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Ecomorphological adaptation to oxygen deficiency in Amazon floodplains by serrasalmid fish of the genus Mylossoma
Saint-Paul, U.; Soares, G.M. (1988). Ecomorphological adaptation to oxygen deficiency in Amazon floodplains by serrasalmid fish of the genus Mylossoma. J. Fish Biol. 32(2): 231-236
In: Journal of Fish Biology. Fisheries Society of the British Isles: London,New York,. ISSN 0022-1112, more
Peer reviewed article  

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Keywords
    Adaptations; Animal morphology; Anoxic conditions; Fish physiology; Flood plains; Freshwater fish; Lakes; Morphology; Oxygen depletion; Respiration; Subsurface water; Mylossoma Eigenmann & Kennedy, 1903 [WoRMS]; Fresh water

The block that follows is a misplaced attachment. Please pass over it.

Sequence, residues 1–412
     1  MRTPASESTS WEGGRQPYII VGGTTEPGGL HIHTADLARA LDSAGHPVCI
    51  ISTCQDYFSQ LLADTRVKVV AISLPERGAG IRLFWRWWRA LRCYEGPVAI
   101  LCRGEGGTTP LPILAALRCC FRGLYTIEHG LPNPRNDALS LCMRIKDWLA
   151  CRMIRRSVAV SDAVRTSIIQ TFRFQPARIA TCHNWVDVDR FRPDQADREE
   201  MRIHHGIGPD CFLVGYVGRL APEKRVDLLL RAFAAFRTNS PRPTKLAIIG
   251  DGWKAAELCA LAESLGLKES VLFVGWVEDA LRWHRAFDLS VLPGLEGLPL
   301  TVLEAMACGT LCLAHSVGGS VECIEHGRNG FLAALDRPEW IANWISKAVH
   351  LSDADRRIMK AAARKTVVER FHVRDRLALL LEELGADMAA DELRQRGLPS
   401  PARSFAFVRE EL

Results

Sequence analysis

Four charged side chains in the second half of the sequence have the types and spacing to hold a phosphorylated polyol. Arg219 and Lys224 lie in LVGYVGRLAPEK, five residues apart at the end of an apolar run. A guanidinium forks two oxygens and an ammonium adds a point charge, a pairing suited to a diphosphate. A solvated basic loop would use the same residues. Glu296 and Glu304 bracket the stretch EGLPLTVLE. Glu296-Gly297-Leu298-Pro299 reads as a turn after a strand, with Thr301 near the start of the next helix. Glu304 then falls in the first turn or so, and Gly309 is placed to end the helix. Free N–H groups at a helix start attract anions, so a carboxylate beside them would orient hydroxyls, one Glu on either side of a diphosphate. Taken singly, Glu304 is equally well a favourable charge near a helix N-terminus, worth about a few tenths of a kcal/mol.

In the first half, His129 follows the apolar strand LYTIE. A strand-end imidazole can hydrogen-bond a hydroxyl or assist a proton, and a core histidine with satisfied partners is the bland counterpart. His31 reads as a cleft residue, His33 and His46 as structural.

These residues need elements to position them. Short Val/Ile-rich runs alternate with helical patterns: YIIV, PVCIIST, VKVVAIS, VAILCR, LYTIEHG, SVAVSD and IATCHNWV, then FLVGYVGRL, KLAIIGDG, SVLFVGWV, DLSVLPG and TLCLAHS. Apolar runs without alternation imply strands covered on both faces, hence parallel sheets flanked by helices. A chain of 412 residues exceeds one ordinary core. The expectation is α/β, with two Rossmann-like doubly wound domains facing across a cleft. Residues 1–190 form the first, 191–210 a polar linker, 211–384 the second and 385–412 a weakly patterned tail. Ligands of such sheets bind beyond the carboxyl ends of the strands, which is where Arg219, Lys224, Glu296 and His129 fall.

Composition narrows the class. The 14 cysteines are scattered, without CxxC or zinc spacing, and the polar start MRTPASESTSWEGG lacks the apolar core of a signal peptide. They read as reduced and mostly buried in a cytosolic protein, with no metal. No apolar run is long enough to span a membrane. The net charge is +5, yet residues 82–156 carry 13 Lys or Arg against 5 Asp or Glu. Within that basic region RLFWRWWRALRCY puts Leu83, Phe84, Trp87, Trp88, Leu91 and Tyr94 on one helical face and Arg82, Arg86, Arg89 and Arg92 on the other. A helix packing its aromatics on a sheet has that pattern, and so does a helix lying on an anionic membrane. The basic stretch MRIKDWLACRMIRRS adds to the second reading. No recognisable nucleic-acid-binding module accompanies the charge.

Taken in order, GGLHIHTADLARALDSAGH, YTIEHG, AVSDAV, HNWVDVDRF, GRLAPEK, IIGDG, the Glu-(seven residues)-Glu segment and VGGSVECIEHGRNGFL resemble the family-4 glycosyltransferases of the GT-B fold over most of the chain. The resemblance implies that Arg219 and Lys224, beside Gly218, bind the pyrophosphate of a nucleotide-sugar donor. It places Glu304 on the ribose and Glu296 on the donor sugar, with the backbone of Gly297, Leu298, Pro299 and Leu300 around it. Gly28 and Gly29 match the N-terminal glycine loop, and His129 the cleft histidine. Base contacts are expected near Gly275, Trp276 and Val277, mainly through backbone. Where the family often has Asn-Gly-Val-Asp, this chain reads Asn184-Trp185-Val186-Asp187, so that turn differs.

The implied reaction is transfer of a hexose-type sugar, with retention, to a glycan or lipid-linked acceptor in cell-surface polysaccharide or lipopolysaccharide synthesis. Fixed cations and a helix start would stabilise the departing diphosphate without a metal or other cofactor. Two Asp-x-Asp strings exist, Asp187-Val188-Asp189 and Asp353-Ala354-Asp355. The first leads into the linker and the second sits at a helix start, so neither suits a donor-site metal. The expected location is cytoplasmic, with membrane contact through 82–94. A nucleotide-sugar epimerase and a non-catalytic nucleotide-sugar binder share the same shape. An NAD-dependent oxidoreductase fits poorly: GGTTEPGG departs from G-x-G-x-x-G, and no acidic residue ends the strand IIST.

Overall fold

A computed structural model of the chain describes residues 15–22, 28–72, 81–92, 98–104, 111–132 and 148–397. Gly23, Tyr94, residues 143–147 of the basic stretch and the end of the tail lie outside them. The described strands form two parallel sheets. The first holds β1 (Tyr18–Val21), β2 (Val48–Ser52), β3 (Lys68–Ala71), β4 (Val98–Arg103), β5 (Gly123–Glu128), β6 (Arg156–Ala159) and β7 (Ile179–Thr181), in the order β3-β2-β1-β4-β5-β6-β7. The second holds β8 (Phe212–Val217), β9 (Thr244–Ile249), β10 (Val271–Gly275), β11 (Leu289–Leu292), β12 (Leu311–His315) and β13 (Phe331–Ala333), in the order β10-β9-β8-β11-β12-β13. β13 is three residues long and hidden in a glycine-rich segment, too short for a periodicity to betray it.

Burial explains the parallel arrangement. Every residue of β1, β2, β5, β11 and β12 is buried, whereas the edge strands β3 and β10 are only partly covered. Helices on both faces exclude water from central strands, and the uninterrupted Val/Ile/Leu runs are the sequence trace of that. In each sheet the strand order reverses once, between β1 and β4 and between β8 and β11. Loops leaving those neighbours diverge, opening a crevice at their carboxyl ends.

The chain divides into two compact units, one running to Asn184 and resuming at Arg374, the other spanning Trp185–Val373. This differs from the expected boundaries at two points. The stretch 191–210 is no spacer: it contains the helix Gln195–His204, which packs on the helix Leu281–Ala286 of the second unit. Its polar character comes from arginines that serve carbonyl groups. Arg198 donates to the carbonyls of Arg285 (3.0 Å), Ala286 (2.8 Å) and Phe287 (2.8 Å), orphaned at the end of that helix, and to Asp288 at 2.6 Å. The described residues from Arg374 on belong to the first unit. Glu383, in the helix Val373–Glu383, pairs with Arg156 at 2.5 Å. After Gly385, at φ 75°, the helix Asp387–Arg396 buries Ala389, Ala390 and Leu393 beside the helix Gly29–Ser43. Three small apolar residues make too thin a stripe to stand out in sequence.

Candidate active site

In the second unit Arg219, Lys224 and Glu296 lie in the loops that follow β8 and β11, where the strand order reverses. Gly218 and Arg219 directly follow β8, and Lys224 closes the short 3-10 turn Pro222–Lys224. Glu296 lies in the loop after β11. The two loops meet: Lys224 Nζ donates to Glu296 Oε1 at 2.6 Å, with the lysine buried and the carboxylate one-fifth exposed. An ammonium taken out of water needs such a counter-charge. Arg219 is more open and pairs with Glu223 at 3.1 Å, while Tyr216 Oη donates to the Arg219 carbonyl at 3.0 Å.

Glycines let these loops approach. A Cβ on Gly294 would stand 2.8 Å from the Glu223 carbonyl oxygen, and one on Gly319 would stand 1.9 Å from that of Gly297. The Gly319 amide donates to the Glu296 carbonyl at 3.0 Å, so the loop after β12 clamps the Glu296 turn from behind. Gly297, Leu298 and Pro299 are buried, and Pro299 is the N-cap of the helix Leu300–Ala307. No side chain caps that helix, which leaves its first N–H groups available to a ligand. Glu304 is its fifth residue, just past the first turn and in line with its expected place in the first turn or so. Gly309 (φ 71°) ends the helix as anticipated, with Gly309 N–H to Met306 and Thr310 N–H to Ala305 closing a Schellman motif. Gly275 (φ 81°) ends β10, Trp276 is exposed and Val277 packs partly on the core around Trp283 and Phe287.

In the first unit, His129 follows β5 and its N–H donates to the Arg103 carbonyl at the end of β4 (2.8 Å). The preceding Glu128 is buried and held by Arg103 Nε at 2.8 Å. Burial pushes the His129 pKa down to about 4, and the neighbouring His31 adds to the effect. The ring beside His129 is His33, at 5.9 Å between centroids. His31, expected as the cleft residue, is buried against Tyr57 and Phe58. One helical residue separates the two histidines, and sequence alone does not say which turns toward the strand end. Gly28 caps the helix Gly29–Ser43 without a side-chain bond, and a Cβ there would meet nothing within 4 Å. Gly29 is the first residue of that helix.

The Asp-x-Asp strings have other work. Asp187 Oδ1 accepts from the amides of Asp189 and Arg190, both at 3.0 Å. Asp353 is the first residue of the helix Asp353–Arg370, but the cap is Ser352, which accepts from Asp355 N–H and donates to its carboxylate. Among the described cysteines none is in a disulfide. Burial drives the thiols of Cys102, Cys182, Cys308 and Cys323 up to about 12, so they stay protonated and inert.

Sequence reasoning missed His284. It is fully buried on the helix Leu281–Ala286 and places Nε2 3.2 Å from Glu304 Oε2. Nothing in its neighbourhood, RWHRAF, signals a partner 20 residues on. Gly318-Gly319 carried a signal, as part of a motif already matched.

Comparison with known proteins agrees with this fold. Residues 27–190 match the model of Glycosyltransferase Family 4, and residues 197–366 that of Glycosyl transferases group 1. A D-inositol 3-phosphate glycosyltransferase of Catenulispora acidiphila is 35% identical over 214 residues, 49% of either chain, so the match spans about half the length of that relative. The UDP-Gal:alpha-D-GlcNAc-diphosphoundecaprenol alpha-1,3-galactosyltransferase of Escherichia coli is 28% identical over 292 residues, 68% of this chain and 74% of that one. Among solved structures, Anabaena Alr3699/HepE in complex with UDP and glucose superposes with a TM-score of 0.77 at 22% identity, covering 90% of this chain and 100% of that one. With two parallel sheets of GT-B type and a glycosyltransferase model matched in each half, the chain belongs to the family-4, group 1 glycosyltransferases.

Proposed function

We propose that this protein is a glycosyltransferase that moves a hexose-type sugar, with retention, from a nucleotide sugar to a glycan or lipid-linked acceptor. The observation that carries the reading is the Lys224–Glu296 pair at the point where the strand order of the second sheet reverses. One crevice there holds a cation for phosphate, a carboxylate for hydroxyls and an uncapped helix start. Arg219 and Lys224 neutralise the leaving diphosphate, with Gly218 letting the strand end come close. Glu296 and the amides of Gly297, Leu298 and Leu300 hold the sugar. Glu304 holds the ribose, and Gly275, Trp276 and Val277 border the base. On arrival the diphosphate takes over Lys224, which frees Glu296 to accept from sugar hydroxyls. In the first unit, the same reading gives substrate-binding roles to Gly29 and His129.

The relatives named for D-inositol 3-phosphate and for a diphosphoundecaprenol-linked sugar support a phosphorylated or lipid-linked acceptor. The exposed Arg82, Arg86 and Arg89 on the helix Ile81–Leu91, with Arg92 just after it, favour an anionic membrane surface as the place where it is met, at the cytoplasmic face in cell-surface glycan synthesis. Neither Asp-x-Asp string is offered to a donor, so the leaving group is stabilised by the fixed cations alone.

Authors  Top 
  • Saint-Paul, U.
  • Soares, G.M.

Abstract
    Serrasalmids of the genus Mylossoma are obligate gill-breathers that are encountered in the floodplain lakes of Amazonia, even when the oxygen concentrations here are below 0 multiplied by 5 mg/1. It was shown by experiments that fish of these species are capable of utilizing the oxygen-rich surface layer of the water for espiration, in order to survive periods of habitat-induced hypoxia. This so-called aquatic surface respiration entails an increase in locomotory activity and an ecomorphosis involving the formation of dermal extension on the lower jaw, that apparently has a hydrodynamic function for using the surface layer for gill respiration; when the water is aerated, it retrogresses to its original size. Histological examination showed that the extension is formed by edematous processes in the stratum spongiosum.

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